Dialogue Volume 14 Issue 2 2018 - Page 57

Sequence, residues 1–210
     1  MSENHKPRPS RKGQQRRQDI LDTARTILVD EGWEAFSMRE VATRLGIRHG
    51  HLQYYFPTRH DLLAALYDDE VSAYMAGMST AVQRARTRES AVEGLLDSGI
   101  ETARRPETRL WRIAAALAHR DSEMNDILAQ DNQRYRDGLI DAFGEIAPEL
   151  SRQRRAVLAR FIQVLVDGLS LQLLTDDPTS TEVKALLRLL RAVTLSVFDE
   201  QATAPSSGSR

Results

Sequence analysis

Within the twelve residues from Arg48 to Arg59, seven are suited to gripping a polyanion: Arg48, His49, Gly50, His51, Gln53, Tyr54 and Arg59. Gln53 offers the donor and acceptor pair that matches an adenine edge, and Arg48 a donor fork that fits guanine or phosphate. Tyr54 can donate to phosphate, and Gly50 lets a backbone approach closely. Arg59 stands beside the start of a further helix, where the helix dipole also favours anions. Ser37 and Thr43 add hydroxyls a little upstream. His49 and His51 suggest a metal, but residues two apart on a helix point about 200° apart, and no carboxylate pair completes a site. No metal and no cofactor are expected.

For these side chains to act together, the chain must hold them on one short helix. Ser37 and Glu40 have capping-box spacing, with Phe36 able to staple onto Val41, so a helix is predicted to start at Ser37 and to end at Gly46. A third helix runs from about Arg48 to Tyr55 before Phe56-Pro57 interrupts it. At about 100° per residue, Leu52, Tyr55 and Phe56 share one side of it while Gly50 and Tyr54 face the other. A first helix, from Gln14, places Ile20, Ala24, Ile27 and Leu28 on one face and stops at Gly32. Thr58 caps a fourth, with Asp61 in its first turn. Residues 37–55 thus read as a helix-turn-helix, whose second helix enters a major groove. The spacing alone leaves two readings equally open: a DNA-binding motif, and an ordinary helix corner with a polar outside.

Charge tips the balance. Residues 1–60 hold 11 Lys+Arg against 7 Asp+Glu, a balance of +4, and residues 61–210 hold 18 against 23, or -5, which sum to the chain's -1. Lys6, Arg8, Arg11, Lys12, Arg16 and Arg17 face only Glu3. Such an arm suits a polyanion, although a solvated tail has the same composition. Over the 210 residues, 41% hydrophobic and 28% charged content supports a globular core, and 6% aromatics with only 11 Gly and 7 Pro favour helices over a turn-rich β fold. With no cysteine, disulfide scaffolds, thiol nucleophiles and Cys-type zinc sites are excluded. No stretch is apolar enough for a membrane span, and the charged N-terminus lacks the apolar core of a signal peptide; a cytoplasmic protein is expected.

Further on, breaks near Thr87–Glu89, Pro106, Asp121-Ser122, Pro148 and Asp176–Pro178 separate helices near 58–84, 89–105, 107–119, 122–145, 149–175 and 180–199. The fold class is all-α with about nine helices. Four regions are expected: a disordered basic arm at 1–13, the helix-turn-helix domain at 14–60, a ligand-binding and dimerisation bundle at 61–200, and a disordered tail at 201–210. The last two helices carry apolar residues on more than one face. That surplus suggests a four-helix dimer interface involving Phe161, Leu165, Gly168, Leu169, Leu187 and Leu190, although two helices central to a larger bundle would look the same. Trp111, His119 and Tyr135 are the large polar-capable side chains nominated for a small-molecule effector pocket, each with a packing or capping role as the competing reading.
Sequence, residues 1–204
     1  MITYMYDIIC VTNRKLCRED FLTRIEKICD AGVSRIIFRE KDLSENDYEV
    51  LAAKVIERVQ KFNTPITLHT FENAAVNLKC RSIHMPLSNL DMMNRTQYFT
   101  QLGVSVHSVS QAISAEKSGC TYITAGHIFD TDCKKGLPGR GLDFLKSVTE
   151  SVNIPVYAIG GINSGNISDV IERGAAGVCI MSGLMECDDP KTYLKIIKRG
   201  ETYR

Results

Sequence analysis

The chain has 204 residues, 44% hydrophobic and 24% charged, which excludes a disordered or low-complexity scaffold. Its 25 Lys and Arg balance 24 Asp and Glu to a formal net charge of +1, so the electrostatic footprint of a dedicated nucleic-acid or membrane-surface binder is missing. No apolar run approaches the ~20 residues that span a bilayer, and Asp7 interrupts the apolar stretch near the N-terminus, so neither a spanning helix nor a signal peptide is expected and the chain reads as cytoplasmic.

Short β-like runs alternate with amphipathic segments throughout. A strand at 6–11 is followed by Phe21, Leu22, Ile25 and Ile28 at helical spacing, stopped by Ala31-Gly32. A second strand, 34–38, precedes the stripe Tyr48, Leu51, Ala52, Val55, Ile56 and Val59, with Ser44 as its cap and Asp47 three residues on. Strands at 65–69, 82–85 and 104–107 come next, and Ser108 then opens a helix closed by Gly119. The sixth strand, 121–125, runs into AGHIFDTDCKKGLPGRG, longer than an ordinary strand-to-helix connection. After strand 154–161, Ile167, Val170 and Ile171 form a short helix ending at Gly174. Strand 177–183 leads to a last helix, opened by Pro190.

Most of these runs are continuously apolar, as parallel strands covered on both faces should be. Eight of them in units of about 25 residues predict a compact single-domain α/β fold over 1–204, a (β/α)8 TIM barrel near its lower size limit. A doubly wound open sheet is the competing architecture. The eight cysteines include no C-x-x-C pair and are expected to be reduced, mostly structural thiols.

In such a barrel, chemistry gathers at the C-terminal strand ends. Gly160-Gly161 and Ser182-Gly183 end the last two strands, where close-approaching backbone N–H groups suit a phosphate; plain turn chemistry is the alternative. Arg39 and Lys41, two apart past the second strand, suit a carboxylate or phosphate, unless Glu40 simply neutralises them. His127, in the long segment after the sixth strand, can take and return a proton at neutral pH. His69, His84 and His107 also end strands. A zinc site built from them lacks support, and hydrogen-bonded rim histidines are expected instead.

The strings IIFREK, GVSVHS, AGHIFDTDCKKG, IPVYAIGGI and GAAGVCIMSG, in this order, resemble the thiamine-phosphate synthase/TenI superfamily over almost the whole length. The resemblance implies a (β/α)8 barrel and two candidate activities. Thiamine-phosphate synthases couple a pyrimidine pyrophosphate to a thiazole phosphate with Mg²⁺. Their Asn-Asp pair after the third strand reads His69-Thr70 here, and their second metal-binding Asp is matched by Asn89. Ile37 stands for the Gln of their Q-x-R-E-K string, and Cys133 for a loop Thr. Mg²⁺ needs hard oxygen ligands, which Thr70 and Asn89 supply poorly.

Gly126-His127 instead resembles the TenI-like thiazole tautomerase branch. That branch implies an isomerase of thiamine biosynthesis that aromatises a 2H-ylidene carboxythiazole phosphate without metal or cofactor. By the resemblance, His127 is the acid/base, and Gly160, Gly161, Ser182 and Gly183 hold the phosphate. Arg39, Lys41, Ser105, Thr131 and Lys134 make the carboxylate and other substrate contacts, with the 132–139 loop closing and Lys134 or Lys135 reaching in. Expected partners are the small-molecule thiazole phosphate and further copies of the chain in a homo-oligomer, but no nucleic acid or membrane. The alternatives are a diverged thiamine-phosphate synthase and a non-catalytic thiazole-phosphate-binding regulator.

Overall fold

DISCIPLINE SUMMARIES • l  acked knowledge about the risks of polypharmacy and the risks of treating chronic pain with opioid analgesics; • demonstrated a lack of judgment by continuing to prescribe drug combinations with known risks of harm, by continuing to prescribe narcotics when it was obvious that the patient was unable to control her use and the medication was doing more ‘to’ her than ‘for’ her, and by continuing to provide the patient with large numbers of narcotics when he knew the patient was unable to prevent theft by her husband. It was found that Dr. Barnard failed to maintain the standard of practice of the profession in his care and treatment of the patient. On November 9, 2014, Dr. Barnard signed an undertaking to the College restricting him from prescribing any narcotics, controlled drugs, benzo- diazepines/other targeted substances and all other monitored drugs and narcotics preparations, with the exception of Tylenol with codeine #3 in limited amounts. Pre scribing Practices The College conducted a broader investigation into Dr. Barnard’s prescribing practices with respect to 25 patients. A family physician retained by the College concluded that Dr. Barnard’s care of 11 patients did not meet the standard of practice and that he dem- onstrated various degrees of a lack of knowledge, skill or judgment. He opined that in seven charts the care provided posed a potential risk of exposing patients to harm or injury and, of these seven, the risk of harm was particularly high with respect to four patients. The four cases in which it was concluded that the risk of exposing the patient to harm or injury was particularly high were those in which: • A patient was receiving frequent morphine in- jections as well as other narcotics while she was pregnant; • A patient who had severe migraine headaches was receiving frequent morphine injections as well as nasal butorphanol, the amounts of which were well in excess of recommended guidelines for non-can- cer pain; • A patient was receiving very frequent morphine injections for chronic pelvic pain, much in excess of recommended guidelines; and • A patient’s chart contained indications from anony- mous phone calls that he was selling his medication and a letter from the Children’s Aid Society express- ing concern of large amounts of narcotic medica- tion in a household with small children. It was found that Dr. Barnard failed to maintain the standard of practice of the profession in his care of 11 patients. Broader Patient Care On September 18, 2012, the College received in- formation regarding Dr. Barnard from the Ministry of Health and Long-Term Care (MOHLTC) as a result of a review of his medical records for services completed in 2009. The MOHLTC medical advi- sors identified clinical concerns with respect to Dr. Barnard’s patient care. The College retained a family physician to provide an opinion regarding the standard of care provided by Dr. Barnard to 37 patients. The family physician concluded that the standard of care was not met in any of the cases reviewed and that Dr. Barnard displayed a lack of knowledge and judgment in each case. She also opined that Dr. Barnard’s clini- cal practice and conduct exposed all but one of the patients whose care was reviewed to a risk of harm. The conclusions were based, in part, on the following concerns: • The administration of human chorionic gonadotro- pin (HCG) for weight loss in the management of obesity despite it being discredited and rejected by the medical community; • Numerous, significant examples of disjointed and episodic care with poor record keeping and judg- ment that impairs the provision of an adequate diagnosis and case management; Full decisions are available online at www.cpso.on.ca. Select Find a Doctor and enter the doctor’s name. ISSUE 2, 2018 DIALOGUE 57